A ship that sunk in 1863 during the United States’ Civil War can now be seen in some detail, thanks to some brand new high resolution 3D images. The USS Hatteras was built as a civilian steamship, but was later reworked to be a ship fighting for the North. After working off of the coast of Florida for some time, the ship met up with a Confederate battleship, the CSS Alabama, which sunk the Hatteras into the Gulf.

Today, the USS Hatteras is protected by the Sunken Military Craft Act, but a department within the National Oceanic and Atmospheric Administration (NOAA) wanted to take a closer look at the ship’s skeletal remains. To do this, they teamed up with ExploreOcean, Teledyne Blueview, and Northwest Hydro to put together 3D, high-resolution images of the 210 foot-long vessel, although it wasn’t the easiest of tasks.

In fact, the wreck lies in the Gulf, under 57 feet of water and in a murky area. According to Red Orbit, for many years, sediment fully covered the length of the vessel. Storms in the last year uncovered the ship and scientists decided to use sonar technology to bring fans of history the best views possible before the sediment covered the skeletal remains of the ship, once more.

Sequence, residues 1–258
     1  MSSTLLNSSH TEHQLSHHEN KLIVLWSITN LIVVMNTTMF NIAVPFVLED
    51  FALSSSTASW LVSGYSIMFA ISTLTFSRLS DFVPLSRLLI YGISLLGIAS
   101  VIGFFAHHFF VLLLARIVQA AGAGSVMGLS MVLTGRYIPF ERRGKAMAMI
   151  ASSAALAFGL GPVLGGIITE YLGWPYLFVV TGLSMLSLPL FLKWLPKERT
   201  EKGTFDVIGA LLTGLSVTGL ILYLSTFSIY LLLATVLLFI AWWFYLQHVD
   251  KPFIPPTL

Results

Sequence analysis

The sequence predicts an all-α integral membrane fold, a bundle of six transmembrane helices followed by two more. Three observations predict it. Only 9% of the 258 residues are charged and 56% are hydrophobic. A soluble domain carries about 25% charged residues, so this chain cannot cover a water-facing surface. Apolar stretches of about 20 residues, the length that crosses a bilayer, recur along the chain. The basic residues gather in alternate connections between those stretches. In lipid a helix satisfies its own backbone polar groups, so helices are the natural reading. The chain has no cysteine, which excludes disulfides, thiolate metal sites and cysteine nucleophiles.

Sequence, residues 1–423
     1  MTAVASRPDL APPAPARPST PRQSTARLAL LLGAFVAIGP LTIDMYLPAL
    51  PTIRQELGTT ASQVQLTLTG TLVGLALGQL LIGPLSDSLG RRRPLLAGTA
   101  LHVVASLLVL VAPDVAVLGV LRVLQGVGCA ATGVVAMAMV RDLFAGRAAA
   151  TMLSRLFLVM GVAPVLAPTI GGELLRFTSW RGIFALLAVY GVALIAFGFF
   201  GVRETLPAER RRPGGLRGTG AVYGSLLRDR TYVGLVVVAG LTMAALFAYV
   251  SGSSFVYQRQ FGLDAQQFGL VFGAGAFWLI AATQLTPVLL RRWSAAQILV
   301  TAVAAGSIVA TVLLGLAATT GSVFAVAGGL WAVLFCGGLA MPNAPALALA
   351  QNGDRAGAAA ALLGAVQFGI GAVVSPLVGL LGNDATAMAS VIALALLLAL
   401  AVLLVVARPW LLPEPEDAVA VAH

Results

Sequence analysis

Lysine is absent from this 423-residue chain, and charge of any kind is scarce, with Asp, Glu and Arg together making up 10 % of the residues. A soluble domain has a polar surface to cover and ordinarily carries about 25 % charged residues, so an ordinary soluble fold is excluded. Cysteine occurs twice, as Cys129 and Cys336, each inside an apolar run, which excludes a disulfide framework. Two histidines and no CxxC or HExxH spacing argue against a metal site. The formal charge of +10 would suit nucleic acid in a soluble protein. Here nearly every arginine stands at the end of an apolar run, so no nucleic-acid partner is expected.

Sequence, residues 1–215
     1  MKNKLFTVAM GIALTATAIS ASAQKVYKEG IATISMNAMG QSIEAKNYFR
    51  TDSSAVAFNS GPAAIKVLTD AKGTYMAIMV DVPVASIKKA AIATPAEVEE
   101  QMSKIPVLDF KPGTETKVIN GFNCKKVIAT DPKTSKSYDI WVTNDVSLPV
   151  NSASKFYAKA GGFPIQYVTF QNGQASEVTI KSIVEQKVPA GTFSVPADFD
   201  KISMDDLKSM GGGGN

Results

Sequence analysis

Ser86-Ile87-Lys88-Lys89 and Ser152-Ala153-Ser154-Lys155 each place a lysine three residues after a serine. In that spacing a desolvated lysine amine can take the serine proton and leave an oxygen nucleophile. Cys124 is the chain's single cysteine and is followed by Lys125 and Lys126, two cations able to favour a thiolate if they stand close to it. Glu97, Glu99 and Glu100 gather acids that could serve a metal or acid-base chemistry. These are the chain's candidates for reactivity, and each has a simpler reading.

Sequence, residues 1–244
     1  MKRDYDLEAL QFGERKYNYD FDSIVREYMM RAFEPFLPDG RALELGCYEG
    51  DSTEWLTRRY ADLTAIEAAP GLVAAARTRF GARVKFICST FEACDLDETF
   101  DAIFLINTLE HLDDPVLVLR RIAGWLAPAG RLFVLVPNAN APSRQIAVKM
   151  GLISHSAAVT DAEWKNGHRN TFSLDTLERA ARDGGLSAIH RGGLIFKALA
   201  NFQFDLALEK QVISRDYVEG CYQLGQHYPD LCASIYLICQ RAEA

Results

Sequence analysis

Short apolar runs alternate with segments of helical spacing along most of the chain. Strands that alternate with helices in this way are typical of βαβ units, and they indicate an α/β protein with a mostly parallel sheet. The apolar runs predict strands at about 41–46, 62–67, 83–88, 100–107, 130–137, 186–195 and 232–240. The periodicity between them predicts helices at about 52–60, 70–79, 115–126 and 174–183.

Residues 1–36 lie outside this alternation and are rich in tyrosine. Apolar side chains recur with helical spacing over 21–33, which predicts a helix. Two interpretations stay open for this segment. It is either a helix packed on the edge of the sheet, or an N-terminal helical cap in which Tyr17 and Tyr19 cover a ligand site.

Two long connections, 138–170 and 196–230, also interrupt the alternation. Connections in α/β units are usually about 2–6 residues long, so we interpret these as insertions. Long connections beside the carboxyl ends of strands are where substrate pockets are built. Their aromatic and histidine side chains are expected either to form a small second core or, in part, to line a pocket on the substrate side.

Taking a look at the wreckage has confirmed the engine room was damaged, which may have led to the ship’s sinking. Additionally, the sonar images have shown that maybe 60% of the ship is actually still buried, but what is left above the sediment still makes for a pretty cool image.

Photo Credit @ Red Orbit via NOAA/ONMS/Explore Ocean/James Glaeser, Northwest Hydro, Inc.

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